Twenty Boy Summer
by Sarah Ockler

Little, Brown and Company, 2009. ISBN 978-0-316-05159-0.
Reviewed by Becca Taylor
Posted on 07/07/2009

Teen/Girls; Fiction: Romance

Young adults will enjoy Sarah Ockler's debut novel for the top-notch portrayal of teen-aged best friends and summer vacation adventure. Ockler also tackles some grown-up issues, such as death, betrayal, drinking, and sex. However, she addresses them all with realism and introspection, even some self-deprecating humor, which leads the reader to unmistakable lessons and insights.

Anna, Frankie, and Matt are best friends, always have been, but one day Anna and Matt become something more. Matt isn't sure how to break the news to his sister, Frankie, so the budding romance is kept a secret. A tragic accident leaves that romance locked away as the girls navigate their grief and try to rebuild their lives. Frankie is understandably devastated by her brother's death, going through a metamorphosis and making unwise choices. Anna, on the other hand, withdraws and tries to take care of Frankie, perhaps at the expense of her own healing. One year after his death, Matt's parents take Frankie and Anna on summer vacation to their traditional spot in the hopes of helping everyone move on. Anna and Frankie then start planning their best summer ever, determining to measure its success by meeting twenty boys each. Thus is born their twenty-boy summer. When they arrive at Zanzibar Bay, though, their summer doesn't go as precisely planned. Both Anna and Frankie discover new truths about themselves and each other, ultimately finding their own measure of healing and emerging from their cocoons of grief.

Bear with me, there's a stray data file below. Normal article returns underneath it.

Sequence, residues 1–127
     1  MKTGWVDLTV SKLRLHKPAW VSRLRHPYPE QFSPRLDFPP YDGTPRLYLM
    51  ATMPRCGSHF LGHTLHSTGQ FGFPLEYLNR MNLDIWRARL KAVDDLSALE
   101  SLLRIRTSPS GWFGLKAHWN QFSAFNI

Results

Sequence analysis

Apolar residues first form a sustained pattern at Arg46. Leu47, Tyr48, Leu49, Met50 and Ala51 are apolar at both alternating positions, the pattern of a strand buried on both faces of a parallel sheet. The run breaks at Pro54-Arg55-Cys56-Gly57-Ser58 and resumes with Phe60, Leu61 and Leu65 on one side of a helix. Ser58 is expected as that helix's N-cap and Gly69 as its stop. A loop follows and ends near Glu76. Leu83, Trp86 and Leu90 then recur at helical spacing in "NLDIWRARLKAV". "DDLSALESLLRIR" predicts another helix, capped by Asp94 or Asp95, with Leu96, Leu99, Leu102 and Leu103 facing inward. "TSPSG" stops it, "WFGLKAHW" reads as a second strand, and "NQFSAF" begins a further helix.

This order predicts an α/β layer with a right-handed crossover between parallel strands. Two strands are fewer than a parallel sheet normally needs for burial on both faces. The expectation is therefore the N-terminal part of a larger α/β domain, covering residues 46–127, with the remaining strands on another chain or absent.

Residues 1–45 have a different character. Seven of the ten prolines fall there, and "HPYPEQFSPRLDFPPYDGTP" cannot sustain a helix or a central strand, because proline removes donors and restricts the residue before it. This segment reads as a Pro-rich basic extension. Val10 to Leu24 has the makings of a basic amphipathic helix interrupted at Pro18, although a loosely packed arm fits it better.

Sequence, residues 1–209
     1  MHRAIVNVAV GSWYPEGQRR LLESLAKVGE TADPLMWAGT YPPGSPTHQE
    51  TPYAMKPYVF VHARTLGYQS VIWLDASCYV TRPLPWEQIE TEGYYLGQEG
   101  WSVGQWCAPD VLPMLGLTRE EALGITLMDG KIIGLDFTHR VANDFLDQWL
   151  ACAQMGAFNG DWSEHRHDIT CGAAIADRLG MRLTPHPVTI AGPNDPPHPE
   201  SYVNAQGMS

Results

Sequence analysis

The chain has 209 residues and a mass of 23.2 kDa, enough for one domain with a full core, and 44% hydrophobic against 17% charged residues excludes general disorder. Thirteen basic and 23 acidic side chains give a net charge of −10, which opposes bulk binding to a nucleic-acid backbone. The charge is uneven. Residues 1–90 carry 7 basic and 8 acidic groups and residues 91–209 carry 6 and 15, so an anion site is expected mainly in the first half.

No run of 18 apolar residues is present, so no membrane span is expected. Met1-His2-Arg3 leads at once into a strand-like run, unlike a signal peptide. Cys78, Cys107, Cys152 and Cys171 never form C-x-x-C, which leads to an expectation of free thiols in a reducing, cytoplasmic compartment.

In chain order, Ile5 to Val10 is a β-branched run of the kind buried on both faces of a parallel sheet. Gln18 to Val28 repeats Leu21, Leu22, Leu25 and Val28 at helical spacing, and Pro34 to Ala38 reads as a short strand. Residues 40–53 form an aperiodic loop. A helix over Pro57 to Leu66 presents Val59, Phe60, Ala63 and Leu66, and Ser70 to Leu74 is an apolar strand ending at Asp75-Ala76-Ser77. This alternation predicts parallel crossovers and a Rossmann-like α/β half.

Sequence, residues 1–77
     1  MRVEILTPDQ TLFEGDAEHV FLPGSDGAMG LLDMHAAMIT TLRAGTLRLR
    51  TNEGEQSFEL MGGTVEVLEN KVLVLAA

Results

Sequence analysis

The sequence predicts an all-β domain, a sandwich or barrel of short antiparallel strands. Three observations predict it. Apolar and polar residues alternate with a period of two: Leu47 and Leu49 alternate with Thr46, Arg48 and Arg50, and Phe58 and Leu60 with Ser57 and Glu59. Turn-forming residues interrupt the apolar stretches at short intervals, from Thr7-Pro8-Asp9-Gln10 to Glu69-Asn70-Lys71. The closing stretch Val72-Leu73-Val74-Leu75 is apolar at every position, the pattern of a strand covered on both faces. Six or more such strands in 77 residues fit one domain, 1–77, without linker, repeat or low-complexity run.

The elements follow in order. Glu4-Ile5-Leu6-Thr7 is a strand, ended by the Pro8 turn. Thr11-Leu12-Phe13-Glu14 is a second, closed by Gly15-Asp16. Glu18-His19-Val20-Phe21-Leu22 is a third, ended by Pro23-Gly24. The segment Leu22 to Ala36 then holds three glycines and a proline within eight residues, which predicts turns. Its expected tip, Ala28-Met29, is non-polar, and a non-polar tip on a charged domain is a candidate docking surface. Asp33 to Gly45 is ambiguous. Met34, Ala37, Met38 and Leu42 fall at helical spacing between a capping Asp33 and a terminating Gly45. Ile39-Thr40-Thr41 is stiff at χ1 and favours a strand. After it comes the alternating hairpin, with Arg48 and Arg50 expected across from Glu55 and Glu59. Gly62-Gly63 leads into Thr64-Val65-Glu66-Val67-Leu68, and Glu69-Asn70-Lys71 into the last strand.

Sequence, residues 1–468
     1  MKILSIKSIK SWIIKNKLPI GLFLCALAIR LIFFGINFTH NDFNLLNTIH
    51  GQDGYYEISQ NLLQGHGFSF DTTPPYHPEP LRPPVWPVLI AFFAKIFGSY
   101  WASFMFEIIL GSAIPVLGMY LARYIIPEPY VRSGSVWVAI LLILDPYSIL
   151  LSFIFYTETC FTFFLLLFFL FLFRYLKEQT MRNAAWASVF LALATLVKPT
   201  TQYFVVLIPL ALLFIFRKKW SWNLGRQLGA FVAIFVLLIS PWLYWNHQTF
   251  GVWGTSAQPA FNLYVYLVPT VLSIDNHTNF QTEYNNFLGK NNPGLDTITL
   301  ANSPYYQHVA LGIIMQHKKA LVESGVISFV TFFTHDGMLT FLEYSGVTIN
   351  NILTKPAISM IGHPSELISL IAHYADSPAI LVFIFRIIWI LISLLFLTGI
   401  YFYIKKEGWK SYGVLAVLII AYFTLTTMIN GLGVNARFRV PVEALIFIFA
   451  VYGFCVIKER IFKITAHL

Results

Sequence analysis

Teens and adults alike will relate to Ockler's self-deprecating humor as she recounts the girls' relationships, doubts, and fears. If you know a teen who has lost someone dear to them, or has a friend who is grieving a loss, give them this book to read. One of the most important lessons Ockler provides is that loss is felt by everyone—no one has a monopoly on grief, everyone is allowed to grieve a loss. And what's more, there is healing from that grief, even if it seems impossible.

Sarah Ockler wrote and illustrated her first book at age six—an adaptation of Steven Spielberg's E.T. Still recovering from her own adolescence, Sarah now writes for young adults. While nomadic at heart, she currently lives in Upstate New York with her husband Alex and an ever-expanding collection of sea glass. Visit her online.

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